One of the reasons Islamists have secured such powerful control of American Muslim communities over the last few decades has partly been the insistence by media and government that there are not in fact Muslim communities, but one community. Journalists at CNN or the New York Times are happy to paint organizations such as the Council on American-Islamic Relations as leaders of this mythical homogenous bloc. Politicians and government programs, meanwhile, partner with, and sometimes fund, these "community representatives."
Islamists are perfectly happy with this narrative. In their bid to acquire legitimacy and funding – to pose as the rightful rulers of American Muslims and present their political ideologies as innately Islamic – they nod along to the media bylines and political praise.
But, as Islamist Watch has pointed out many times before, Islam is enormously diverse – containing many competing schools of theology, schools of jurisprudence, sects, ethnicities, cultures and mysticisms. Islamism is also not a single force; it comprises dozens of (both) competing and collaborating radical ideologies.
One of the most intriguing divisions, then, within both American Islam and Islamism of late has been growing dissent over the question of liberalism. Should Muslims seek partnerships with left-wing organizations, given that some progressivist policies evidently conflict with both conservative Muslim and theocratic Islamist beliefs?
We addressed this question in a recent piece on 'theo-progressivism' – the curious rise of Islamists who appear to have genuinely embraced progressivist politics, and the anger of more traditional voices who believe progressivism to be a corrupting influence. You can read our analysis here.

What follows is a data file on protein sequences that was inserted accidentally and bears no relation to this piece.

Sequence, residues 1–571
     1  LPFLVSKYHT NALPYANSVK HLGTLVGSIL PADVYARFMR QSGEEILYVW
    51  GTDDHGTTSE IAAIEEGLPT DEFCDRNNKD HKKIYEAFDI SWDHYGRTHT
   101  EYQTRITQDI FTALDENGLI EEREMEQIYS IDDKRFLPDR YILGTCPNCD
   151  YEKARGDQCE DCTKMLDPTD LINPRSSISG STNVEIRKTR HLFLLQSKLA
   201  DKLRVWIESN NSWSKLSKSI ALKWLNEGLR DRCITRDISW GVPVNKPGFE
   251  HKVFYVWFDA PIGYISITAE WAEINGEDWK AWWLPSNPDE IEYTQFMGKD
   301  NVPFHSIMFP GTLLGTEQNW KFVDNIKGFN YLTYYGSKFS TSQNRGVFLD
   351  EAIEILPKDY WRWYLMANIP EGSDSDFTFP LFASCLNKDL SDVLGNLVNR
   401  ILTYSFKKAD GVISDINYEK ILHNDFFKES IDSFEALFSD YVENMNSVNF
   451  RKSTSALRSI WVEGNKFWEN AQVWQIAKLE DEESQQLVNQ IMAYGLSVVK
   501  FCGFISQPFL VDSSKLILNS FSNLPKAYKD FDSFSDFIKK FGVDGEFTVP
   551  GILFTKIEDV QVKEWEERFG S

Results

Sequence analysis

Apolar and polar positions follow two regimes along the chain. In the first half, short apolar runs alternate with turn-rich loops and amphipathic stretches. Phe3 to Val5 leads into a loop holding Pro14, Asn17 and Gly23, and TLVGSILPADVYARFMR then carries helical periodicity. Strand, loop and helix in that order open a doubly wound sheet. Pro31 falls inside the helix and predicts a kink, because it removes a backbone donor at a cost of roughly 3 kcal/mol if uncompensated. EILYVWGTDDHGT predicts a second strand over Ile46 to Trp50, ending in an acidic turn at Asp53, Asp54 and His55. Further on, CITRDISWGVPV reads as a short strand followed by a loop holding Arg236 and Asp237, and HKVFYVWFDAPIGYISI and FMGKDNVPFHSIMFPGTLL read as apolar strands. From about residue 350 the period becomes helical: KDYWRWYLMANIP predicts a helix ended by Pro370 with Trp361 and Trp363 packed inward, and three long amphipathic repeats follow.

This is a fascinating topic, and we will continue cataloguing the fractious debate over the issue among Muslim communities and Islamists.
The latest example comes from Abdullah bin Hamid Ali, founder of the Lamppost Education Initiative. Writing on Facebook, Ali laments that "Muslim national political and social agenda = free Palestine, marriage equality, gender equality, LGBTQIA equality, legalize marijuana, infanticide, sanctuary cities for illegal immigrants, and socialist economic policies. Soon it will include legalize prostitution, pedophilia, and incest. Polygamy is a long shot."
Ali notes that while "Not everything on this list is bad ... one does need to ask just how many of these are islamic or universally acknowledged moral goods?"
American Muslims' obsession with Palestine, Ali adds, has produced these unholy alliances. It is the "only non-negotiable issue on the national agenda ...and as long as others are supporting that issue, any and all immoral concerns and views of the pro-Palestinian can be overlooked."
Ali goes on to offer some mild rebuttals to the more hysterical claims about the Trump administration, noting that Trump is not in fact rushing to war with Iran, and that the "Muslim ban" is evidently not a ban on all Muslims, but an interdiction relating to "war town and problem countries."
Ali is from Islam's Maliki school of jurisprudence. Although he has criticized Salafis, he is frequently found in the company of some of America's most prominent Islamist activists and clerics. He has, in the past, defended female circumcision (although he claims this is different to FGM), attacked the influence of the "gays," and claimed that a husband who hits his wife should not automatically be considered "abusive."
Ali is certainly no moderate – he straddles the line between conservative Islam and Islamism. But his concern with the duplicity of American Islam's self-proclaimed Islamist leaders – and their willingness to embrace uncomfortable progressivist ideals – is chiming with many American Muslims. As one Facebook commentator notes: "The moral trade off we have negotiated with the liberals is a bit scary."